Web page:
The classic kid’s tale of a doctor who can speak to animals and fix them hasn’t been adapted in a while since that one 1998 starring Eddie Murphy. Seeing as Hollywood is pretty bankrupt ideas-wise, the folks from Universal Pictures, Team Downey, Roth Films, and Perfect World Pictures saw it fit to retell the tale in a new way set in a period setting.

Instead of the doctor (Robert Downey Jr.) discovering his animal-communication talent, the story starts off with a cool 5-minute animated recap of his history and his once-public mansion clinic run by animals, how he met the love of his life, and how she passed on due to a voyage at sea, making the doctor close his doors and shunning humanity like most internet trolls.

Enter Tommy Stubbins, a kid from a family of hunters who ended up bringing a near-dead squirrel to Doctor Dolittle thanks to the aid of the doctor’s parrot aide-de-camp Polynesia (voiced by Emma Thompson). Together, they set off on an adventure to help save the Queen of England from a rare disease as Stubbins learns how to talk to animals and attempts to mend Dolittle’s viewpoints concerning people in general.

Or at least, it attempts to do so and make us care.

What I ended up witnessing is a pretty by-the-numbers and thoroughly dull show with notable actors being roped in by its lead actor’s star power and affluence.

Doctor, Doctor


There is nary a sign of chemistry between Dolittle and Stubbins, and there’s wasted potential when it comes to the queen’s daughter(?) Lady Rose (Carmel Laniado) and Queen Victoria (Jessie Buckley).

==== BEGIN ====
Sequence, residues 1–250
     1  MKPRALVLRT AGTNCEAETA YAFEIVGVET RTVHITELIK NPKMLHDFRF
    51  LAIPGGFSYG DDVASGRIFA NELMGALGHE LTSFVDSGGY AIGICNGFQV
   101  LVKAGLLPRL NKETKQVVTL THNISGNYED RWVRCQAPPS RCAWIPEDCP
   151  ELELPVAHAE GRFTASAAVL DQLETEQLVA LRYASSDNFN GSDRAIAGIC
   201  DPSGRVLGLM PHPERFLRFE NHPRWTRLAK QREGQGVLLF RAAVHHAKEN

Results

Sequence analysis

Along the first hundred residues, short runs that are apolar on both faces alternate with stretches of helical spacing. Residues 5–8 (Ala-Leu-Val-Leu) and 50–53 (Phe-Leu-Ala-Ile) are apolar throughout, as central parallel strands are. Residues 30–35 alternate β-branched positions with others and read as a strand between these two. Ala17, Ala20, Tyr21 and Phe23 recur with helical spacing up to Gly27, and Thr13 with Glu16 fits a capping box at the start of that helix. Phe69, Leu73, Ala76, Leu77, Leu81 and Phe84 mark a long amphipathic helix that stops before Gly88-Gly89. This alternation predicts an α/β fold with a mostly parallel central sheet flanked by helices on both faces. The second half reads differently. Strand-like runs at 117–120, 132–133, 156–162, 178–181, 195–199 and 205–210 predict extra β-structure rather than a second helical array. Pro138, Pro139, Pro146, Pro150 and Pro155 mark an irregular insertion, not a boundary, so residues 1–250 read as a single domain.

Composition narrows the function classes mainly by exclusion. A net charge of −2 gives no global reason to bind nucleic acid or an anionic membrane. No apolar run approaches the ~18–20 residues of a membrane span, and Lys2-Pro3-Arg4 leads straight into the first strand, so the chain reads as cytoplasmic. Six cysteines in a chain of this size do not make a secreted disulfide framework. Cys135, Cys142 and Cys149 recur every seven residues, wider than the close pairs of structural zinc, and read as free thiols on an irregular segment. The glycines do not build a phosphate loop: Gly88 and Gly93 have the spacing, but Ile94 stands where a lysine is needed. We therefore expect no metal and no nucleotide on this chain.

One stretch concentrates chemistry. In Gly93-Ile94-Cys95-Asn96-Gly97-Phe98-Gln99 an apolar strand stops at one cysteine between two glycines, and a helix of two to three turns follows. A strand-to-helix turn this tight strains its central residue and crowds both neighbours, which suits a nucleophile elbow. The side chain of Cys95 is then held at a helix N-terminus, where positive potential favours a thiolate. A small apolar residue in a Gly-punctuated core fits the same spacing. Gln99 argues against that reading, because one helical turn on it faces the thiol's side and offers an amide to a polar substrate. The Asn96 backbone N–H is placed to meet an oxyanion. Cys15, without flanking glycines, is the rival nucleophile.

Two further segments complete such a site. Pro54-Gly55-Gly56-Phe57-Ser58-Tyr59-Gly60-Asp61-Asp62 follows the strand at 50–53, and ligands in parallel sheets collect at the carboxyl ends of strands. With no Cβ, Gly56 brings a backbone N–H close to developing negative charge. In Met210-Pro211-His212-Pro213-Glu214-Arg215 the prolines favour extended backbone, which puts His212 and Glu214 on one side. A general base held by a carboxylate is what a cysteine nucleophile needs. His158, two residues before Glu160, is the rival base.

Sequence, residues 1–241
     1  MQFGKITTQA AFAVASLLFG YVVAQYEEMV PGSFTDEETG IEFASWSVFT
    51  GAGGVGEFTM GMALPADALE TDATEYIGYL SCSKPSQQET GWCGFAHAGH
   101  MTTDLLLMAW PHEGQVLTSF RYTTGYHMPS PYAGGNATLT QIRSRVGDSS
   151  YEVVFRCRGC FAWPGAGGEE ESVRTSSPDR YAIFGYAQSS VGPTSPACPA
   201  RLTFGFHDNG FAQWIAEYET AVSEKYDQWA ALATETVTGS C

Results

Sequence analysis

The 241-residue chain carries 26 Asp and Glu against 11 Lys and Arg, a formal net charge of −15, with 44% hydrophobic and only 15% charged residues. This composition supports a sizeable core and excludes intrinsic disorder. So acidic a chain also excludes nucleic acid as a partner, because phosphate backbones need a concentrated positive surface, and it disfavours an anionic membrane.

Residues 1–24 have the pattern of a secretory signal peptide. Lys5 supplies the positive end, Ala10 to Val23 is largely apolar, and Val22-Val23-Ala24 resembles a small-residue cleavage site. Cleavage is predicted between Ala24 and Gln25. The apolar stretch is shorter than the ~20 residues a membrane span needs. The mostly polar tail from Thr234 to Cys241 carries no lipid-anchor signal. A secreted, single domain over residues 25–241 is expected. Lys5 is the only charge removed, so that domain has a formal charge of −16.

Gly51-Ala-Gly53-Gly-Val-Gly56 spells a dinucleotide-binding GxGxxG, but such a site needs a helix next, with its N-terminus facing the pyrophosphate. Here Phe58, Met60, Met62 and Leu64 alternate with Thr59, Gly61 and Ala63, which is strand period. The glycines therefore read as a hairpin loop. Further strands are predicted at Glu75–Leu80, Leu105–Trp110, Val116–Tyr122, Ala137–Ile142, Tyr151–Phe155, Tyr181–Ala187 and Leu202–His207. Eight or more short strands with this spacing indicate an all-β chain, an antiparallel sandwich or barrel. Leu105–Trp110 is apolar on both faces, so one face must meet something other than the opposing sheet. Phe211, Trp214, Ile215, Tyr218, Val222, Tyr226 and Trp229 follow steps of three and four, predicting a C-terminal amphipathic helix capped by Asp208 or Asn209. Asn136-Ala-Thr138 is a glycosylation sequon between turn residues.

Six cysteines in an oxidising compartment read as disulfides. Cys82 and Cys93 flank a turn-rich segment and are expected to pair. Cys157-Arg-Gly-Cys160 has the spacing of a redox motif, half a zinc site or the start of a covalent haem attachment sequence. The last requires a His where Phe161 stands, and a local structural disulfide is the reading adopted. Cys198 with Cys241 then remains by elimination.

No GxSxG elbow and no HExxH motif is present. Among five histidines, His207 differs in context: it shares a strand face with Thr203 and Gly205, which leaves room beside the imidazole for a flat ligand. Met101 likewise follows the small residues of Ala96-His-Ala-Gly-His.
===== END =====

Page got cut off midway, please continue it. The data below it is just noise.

Nothing’s fleshed out at all, which begs the question: why bother with the queen apart from the convenient plot device that makes the doctor and apprentice duo head out to find the show’s rare MacGuffin?

Heck, most of these animals had some tiny story arc that gets resolved in a hasty and unkempt manner that does not feel rewarding. Remember that injured squirrel? All he’s around for is making quips on the sidelines like the real Craig Robinson these days.

One would assume that thespian Robert Downey Jr., last known for resurrecting a B-list superhero to lofty heights, would be bringing his A-game and save this PG-rated kid’s film. That wouldn’t be wise.

Throughout the 1 hour and 41-minute runtime of this film, not only is he just barely hitting the checkboxes of portraying a quirky antisocial animal-loving genius, but we can’t tell what kind of accent he’s portraying when he’s John Dolittle.

I want to say Welsh, but it’s a hybrid of all three main United Kingdom accents, morphing into a terrible impression Tony Stark would make if he were mocking the English. In case that wasn’t a deleted scene in one of the many Marvel movies out there, now we have that in PG-rated movie form.

In Need Of A Check-Up


The climax of Dolittle features the titular character performing an enema on a dragon and, after the procedure, finding a bagpipe. I think that pretty much sums up the quality and tone of this all-ages film.

Throw this one at your kids if they want some mindless entertainment filled with scenes of ho-hum CGI animals being cute and fluffy, as well as voiced by that one guy from WWE and that one Indian from Silicon Valley. Because I’m sure the incredibly young kids get the celebrity voice actors and their significance in pop culture.

Sane movie viewers need not apply. Or care for that matter.

Seriously, how did THE Marion Cotillard get roped into voicing a CGI fox here?


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